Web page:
- WTO And Developing Countries: Regional Perspectives On Future Trade Negotiations, explains that both developed and developing countries stand to gain from further tariff reductions and achieving results in this area can be facilitated by focusing on the common interests of developing and developed countries. Educating the public is the key. In ESCAP, there is scope for countries to band together in negotiating groups to obtain concessions from more powerful trading partners.
- Pacific Island Economies: Recent Economic Growth Experience (author Te'o I J Fairbairn). Pacific island countries face many obstacles to sustainable growth including a poor policy milieu. It is in this latter area that future reform efforts should be concentrated.
- The New Poor explains how economic crises, political events, terrorist attacks and natural disasters can lead to the creation of a set of new poor. Preventive, mitigation and coping strategies that stress social safety nets are recommended for tackling the problems of the new poor.
- Contemporary Issues In Central Asia focuses on the reforms carried out in these countries in the 10 years since they began their transition to market economic systems. It is emphasized that a decisive commitment to macroeconomic stability, improving the fiscal position, strengthening institutions and governance and dealing with the social consequences of reform are needed to meet the challenges ahead.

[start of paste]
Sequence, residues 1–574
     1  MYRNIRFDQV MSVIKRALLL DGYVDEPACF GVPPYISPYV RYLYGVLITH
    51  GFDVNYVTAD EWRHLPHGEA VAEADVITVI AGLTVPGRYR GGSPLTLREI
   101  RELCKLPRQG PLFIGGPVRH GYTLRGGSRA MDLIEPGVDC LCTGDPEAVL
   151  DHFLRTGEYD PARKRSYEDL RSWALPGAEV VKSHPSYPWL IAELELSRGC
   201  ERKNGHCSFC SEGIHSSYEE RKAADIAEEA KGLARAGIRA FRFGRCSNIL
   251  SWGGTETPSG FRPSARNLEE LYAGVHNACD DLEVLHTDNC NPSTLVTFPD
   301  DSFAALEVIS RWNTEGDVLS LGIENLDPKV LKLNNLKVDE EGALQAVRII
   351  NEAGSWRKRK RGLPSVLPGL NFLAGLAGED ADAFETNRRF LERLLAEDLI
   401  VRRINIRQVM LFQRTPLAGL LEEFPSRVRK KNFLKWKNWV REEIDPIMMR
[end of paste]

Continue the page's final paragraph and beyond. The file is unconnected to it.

- Implementation Of The New Basel Capital Accord In The Asia-Pacific Region: Potential Challenges And Rewards outlines the capital requirements of banks in the revised Basel Capital Accord (to be implemented from 2005) based upon a credit risk assessment for each separate category of assets and the challenges this would pose for the banking systems of the region. As a result of the New Accord, more capital will be needed by banks in the developing countries, thus constraining their ability to expand their asset base. Here, banks in developing countries should be given the responsibility to implement new regulations at a realistic pace.